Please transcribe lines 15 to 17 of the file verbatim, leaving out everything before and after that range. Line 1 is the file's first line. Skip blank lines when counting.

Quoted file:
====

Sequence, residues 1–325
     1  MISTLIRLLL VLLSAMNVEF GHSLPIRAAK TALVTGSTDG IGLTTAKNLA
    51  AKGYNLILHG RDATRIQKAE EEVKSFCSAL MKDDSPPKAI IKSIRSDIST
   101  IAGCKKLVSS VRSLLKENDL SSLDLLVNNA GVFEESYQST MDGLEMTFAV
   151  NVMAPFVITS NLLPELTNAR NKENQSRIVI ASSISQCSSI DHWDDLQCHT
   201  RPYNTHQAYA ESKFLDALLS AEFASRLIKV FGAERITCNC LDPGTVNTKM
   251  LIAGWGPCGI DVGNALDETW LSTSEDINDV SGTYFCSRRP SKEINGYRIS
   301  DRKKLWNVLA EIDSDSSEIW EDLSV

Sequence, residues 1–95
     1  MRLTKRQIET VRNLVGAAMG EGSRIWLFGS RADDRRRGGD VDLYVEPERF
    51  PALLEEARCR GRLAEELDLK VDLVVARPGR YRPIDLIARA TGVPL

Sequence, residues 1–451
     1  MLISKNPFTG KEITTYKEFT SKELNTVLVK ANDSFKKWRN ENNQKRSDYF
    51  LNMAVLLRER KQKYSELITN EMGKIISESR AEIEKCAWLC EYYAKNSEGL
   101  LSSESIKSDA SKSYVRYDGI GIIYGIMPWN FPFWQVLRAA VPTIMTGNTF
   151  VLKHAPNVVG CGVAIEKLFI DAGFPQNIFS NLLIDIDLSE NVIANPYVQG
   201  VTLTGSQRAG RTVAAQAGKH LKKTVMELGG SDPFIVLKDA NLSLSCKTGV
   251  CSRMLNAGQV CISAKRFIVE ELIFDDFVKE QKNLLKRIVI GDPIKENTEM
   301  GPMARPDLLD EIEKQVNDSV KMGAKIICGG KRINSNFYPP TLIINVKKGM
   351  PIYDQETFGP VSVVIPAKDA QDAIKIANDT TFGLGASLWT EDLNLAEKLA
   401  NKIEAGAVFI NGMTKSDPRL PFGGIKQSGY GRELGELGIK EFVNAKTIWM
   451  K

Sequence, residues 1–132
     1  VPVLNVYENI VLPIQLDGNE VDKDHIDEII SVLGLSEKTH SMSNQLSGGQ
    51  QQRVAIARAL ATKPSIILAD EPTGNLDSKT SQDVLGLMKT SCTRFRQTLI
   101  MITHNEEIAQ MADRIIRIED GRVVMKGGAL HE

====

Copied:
   101  LSSESIKSDA SKSYVRYDGI GIIYGIMPWN FPFWQVLRAA VPTIMTGNTF
   151  VLKHAPNVVG CGVAIEKLFI DAGFPQNIFS NLLIDIDLSE NVIANPYVQG
   201  VTLTGSQRAG RTVAAQAGKH LKKTVMELGG SDPFIVLKDA NLSLSCKTGV